• William Crew, English convict from Middlesex, who was transported aboard the "Albion" on May 29, 1828, settling in New South Wales, Australia [1]CITATION[CLOSE]
    State Library of Queensland. (Retrieved 2014, November 24) Albion voyage to New South Wales, Australia in 1828 with 192 passengers. Retrieved from http://www.convictrecords.com.au/ships/albion/1828
  • Susannah Crew, aged 25, a cook, arrived in South Australia in 1855 aboard the ship "Mallard"

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Motto


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Motto



The motto was originally a war cry or slogan. Mottoes first began to be shown with arms in the 14th and 15th centuries, but were not in general use until the 17th century. Thus the oldest coats of arms generally do not include a motto. Mottoes seldom form part of the grant of arms: Under most heraldic authorities, a motto is an optional component of the coat of arms, and can be added to or changed at will; many families have chosen not to display a motto.

Motto: Sequor nec inferior
Motto Translation: I follow, but am not inferior.


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Crew Family Crest Products


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Crew Family Crest Products




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See Also


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See Also




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Citations


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Citations



  1. ^ State Library of Queensland. (Retrieved 2014, November 24) Albion voyage to New South Wales, Australia in 1828 with 192 passengers. Retrieved from http://www.convictrecords.com.au/ships/albion/1828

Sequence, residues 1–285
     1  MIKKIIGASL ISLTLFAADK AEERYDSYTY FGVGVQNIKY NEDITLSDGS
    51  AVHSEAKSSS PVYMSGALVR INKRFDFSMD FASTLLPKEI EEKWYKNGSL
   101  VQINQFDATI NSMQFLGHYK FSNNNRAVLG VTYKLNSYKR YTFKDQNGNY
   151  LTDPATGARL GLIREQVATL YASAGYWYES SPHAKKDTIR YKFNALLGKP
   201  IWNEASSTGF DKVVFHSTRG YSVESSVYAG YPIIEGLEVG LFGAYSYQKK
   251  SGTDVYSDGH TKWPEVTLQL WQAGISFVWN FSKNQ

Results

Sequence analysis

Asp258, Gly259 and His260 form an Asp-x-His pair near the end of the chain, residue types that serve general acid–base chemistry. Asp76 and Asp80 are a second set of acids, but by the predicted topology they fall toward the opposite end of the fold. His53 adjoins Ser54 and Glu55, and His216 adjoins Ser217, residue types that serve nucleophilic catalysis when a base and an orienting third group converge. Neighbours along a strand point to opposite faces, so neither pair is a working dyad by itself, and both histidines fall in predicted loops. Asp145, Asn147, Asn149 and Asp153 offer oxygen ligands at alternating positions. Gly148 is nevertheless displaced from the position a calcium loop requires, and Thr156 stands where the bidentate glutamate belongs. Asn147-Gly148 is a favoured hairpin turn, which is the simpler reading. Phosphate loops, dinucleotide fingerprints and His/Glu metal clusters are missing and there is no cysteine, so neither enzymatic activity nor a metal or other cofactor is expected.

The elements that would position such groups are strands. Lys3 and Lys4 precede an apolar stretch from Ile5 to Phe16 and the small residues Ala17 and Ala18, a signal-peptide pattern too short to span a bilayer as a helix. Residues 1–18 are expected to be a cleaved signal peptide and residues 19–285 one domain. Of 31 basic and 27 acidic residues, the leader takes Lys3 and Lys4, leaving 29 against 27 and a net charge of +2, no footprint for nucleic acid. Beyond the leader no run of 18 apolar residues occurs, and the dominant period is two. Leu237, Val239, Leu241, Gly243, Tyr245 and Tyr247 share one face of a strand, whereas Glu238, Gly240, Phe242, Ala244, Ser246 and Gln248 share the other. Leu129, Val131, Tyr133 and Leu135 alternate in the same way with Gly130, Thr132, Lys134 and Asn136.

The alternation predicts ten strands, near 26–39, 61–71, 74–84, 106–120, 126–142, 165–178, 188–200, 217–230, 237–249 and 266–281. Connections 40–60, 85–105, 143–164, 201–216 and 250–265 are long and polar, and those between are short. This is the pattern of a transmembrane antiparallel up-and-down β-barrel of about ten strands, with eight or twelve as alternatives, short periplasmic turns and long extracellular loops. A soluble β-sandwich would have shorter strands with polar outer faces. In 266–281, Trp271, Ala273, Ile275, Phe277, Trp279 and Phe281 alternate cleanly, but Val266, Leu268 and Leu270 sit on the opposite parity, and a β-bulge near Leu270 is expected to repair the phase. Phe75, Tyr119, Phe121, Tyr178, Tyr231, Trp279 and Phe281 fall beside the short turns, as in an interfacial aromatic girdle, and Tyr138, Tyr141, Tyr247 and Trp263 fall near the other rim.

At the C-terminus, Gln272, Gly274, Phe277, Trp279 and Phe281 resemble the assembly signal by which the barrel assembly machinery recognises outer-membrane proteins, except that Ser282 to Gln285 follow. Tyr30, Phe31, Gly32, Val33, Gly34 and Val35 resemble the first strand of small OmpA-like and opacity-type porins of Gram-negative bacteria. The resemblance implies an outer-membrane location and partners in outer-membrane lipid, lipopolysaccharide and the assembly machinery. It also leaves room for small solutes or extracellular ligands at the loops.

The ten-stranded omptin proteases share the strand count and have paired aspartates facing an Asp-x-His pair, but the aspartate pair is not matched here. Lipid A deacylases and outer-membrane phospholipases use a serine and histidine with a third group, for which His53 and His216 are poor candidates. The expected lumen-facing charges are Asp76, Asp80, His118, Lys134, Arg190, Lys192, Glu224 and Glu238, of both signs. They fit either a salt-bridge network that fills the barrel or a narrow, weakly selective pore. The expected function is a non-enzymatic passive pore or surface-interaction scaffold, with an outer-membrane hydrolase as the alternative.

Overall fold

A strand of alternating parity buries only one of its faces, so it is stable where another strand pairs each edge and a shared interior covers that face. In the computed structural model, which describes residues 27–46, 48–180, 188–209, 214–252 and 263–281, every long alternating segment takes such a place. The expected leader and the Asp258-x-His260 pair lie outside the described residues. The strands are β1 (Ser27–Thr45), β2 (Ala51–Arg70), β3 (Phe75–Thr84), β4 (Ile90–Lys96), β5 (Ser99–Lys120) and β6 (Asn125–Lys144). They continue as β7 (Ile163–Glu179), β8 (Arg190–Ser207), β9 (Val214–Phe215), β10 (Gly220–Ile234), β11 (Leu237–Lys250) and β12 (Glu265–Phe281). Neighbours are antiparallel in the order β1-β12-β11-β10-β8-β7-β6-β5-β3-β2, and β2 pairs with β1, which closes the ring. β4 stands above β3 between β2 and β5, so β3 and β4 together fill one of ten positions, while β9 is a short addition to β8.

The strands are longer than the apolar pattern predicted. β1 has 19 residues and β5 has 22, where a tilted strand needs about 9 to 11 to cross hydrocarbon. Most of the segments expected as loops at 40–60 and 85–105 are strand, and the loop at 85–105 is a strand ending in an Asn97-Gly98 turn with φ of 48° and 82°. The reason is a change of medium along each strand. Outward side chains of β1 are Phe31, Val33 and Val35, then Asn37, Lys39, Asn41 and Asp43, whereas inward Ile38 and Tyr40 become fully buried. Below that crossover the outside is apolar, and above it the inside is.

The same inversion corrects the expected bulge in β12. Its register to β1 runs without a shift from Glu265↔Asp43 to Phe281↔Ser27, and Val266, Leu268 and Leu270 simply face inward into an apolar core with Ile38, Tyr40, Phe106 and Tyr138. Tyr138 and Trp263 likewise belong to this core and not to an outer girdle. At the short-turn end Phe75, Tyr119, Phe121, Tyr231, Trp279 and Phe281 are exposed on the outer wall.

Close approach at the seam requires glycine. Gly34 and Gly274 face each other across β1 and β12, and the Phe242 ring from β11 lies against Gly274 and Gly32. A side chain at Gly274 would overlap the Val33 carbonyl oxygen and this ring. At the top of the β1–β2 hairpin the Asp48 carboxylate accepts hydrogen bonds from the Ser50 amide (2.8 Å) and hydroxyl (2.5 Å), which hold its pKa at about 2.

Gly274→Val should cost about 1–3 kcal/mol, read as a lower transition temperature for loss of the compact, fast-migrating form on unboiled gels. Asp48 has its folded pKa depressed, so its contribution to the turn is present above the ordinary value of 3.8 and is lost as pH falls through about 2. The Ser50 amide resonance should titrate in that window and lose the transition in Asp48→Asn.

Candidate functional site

Other References

  1. Cook, Chris. English Historical Facts 1603-1688. London: MacMillan, 1980. Print.
  2. Chadwick, Nora Kershaw and J.X.W.P Corcoran. The Celts. London: Penguin, 1790. Print. (ISBN 0140212116).
  3. Skordas, Guest. Ed. The Early Settlers of Maryland an Index to Names or Immigrants Complied from Records of Land Patents 1633-1680 in the Hall of Records Annapolis, Maryland. Baltimore: Genealogical Publishing, 1968. Print.
  4. Thirsk, Joan. The Agrarian History of England and Wales. Cambridge: Cambridge University Press: 7 Volumes. Print.
  5. Magnusson, Magnus. Chambers Biographical Dictionary 5th edition. Edinburgh: W & R Chambers, 1990. Print.
  6. Shaw, William A. Knights of England A Complete Record from the Earliest Time to the Present Day of the Knights of all the Orders of Chivalry in England, Scotland, Ireland and Knights Bachelors 2 Volumes. Baltimore: Genealogical Publishing. Print. (ISBN 080630443X).
  7. Marcharn, Frederick George. A Constitutional History of Modern England 1485 to the Present. London: Harper and Brothers, 1960. Print.
  8. Markale, J. Celtic Civilization. London: Gordon & Cremonesi, 1976. Print.
  9. Bowman, George Ernest. The Mayflower Reader A Selection of Articales from The Mayflower Descendent. Baltimore: Genealogical Publishing. Print.
  10. Hanks, Patricia and Flavia Hodges. A Dictionary of Surnames. Oxford: Oxford University Press, 1988. Print. (ISBN 0-19-211592-8).
  11. ...

The Crew Family Crest was acquired from the Houseofnames.com archives. The Crew Family Crest was drawn according to heraldic standards based on published blazons. We generally include the oldest published family crest once associated with each surname.

This page was last modified on 4 March 2016 at 14:32.